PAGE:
L.A. County Calls For Trash-to-Fuel Legislation
(Government Technology) In Los Angeles, one man’s trash is another man’s biofuel – or at least, it will be soon. The L.A. County Board of Supervisors approved a motion late last month that calls on federal and state legislators to update trash conversion technologies in California. Presented by Supervisor Don Knabe, the motion encourages legislation in support of conversion technologies that could be used to convert some of L.A. County’s 8 million tons of annual landfill waste into something useful.
“These technologies have successfully operated in dozens of other countries, but the development of similar technologies in California has been hampered by decades-old regulations that only envisioned trash being buried or burned,” L.A. County Public Works Director Gail Farber said.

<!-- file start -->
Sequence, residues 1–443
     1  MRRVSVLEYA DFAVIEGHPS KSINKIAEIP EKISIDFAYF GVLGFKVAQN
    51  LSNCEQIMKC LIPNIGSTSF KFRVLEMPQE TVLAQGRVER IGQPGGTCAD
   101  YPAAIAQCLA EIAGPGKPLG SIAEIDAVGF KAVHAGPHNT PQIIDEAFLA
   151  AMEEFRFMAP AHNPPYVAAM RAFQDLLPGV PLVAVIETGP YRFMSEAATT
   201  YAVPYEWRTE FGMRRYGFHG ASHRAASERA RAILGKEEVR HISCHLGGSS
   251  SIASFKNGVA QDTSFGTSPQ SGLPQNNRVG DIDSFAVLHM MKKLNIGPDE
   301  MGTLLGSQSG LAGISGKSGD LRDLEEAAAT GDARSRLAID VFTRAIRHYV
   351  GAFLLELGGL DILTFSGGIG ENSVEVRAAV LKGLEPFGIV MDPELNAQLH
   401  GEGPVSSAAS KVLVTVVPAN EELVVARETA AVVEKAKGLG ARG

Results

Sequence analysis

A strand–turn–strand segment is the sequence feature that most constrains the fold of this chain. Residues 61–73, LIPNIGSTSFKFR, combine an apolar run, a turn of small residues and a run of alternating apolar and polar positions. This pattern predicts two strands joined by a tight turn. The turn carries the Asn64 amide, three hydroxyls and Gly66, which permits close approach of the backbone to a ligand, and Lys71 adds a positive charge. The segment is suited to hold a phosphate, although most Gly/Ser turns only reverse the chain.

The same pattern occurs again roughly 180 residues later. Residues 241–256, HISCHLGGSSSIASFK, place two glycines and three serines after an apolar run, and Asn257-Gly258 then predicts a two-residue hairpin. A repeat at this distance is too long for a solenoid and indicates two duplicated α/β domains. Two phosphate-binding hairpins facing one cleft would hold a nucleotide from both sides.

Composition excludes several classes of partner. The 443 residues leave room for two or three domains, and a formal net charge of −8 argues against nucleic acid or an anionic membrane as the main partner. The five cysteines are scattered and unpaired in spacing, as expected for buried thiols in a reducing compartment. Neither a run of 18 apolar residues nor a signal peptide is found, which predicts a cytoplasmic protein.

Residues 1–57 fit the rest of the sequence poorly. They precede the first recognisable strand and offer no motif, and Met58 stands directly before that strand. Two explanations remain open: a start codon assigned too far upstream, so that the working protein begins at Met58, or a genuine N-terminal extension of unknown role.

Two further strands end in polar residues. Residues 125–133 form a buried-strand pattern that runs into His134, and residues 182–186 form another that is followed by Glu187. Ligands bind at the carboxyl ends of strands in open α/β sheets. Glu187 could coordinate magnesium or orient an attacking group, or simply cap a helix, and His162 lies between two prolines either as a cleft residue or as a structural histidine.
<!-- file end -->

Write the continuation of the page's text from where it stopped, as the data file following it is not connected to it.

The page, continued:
The motion was partially driven by pressures to find a solution for the county’s rapidly growing landfills, many of which are expected to soon reach capacity as the population outgrows the facilities available. Plans to convert garbage into biofuel fit into Los Angeles’ goal to become a “zero waste” city by 2030.
Exact plans for L.A. to convert it’s trash do not yet exist, but companies like Blue Fire Renewables are building plants in Lancaster, California and Fulton, Mississippi that convert sugars in waste into ethanol. The Fulton plant will “produce approximately 19 million gallons of ethanol per year from woody biomass, mill residue, and other cellulosic waste,” according to the Blue Fire Renewables website. The firm also announced plans in February to build a cellulose to sugar plant in South Korea for GS Caltex, one of the largest oil refiners in the country. READ MORE